Heller launches his attack against one of the most important American institutions using the character of First Lieutenant Milo Minderbinder, a mess officer at the US Army Air Corps. In chapter 24, Milo started a business called M & M enterprises. The two M’s stood for Milo and Minderbinder and the “&” was inserted “to nullify any impression that the syndicate was a one-man operation” (Heller 253). This decision sheds light on two important details that encapsulate Heller’s satire of American business. First, truth is inconsequential when it comes to the pursuit of profit and, second, egomania rules all. The one-man operation could have been disguised using any number of fake names, like M & K or M& T. But Milo’s ego and pride do not allow him to part with any of the credit, even with a fictitious third-party.  

Later in the same chapter, Milo’s men painted over German swastikas and replaced them with the sign: M & M Enterprises, Fine Fruits and Produce. Once the syndicate grew into “an international cartel” and reached its saturation point in clients, Milo formed “a wholly owned subsidiary” and expanded his operations into fancy pastries (Heller 254). Milo’s corporate model is the quintessential American business, a stereotype that remains appropriate today. For instance, in 1919, the automobile manufacturer General Motors formed a subsidiary called GMAC in order to provide automobile financing and, in 1985, expanded their business into home purchases by forming GMAC Mortgage. In 1999, the company bought Bank of New York’s asset-based lending and factoring business, acquired a number of mortgage loan operations including Ditech.com, and created GMAC Commercial Finance Group (Our History). In 2005, the enterprise launched Residential Capital, a new parent holding company for its global real estate mortgage business, before finally becoming a bank, in 2008. Unfortunately, the absurdity of a company transforming from an automobile manufacturer into a bank is so common in today’s society that it is barely noticeable.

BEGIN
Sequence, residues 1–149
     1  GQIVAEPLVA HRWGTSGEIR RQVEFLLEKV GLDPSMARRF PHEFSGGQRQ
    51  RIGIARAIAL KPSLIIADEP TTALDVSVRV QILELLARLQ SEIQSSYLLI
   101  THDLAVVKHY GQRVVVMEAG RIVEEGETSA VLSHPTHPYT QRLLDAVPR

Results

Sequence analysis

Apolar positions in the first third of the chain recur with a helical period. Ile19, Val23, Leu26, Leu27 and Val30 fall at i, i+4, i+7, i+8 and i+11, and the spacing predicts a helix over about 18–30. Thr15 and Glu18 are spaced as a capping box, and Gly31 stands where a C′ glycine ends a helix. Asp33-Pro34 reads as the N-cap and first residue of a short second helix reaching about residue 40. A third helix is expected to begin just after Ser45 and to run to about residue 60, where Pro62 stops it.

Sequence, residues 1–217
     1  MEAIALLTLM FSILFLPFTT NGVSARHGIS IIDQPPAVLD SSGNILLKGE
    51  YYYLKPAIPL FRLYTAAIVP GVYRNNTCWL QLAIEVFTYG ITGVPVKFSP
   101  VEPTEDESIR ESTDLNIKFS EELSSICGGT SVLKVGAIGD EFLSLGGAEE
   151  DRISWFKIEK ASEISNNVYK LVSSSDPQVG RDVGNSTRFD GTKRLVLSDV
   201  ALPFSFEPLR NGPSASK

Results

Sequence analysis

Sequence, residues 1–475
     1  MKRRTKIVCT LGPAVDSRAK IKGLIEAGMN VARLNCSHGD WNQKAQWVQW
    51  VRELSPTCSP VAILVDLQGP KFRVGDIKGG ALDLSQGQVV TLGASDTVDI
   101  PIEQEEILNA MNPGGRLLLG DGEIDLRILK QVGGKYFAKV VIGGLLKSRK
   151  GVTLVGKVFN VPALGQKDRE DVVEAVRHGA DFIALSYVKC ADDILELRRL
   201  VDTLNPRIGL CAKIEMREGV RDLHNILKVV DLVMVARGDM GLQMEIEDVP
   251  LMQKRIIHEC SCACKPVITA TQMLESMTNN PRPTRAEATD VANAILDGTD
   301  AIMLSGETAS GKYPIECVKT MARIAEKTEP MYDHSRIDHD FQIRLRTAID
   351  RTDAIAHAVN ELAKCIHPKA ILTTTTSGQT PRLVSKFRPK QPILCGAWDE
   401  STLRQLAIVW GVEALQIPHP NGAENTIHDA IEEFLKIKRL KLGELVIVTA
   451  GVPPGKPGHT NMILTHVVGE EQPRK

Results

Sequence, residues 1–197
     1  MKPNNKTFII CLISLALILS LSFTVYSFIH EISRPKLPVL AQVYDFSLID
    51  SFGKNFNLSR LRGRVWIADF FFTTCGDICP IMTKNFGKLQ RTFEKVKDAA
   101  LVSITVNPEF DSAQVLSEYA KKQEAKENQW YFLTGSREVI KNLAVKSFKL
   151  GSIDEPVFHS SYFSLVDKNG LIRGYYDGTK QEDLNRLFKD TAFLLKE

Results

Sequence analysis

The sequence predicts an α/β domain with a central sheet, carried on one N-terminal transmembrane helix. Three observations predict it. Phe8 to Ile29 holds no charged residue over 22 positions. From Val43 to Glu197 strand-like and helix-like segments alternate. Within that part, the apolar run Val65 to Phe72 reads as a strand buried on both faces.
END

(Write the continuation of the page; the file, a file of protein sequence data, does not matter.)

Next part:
Besides satirizing the expansionist model of American business, Heller also satirizes the relationship between corporations and war. In chapter 24, Milo makes two deals, one with American authorities to bomb a bridge held by the Germans and another with German authorities to defend the bridge against his own bombing. Even though both countries paid large sums of money for their military contracts, Milo wastes none of the syndicate’s resources “to bomb and defend the bridge” because both countries have “ample men and material right there to do so and were perfectly happy to contribute them” (Heller 255). As a result, Milo, like many military contractors, “realized a fantastic profit” off the war effort “for doing nothing more than signing his name twice” (Heller 255). As a character, Milo is the embodiment of capitalism and his willingness to contract with both sides of the war is a scathing satire of corporate America’s uncompromising business tactics.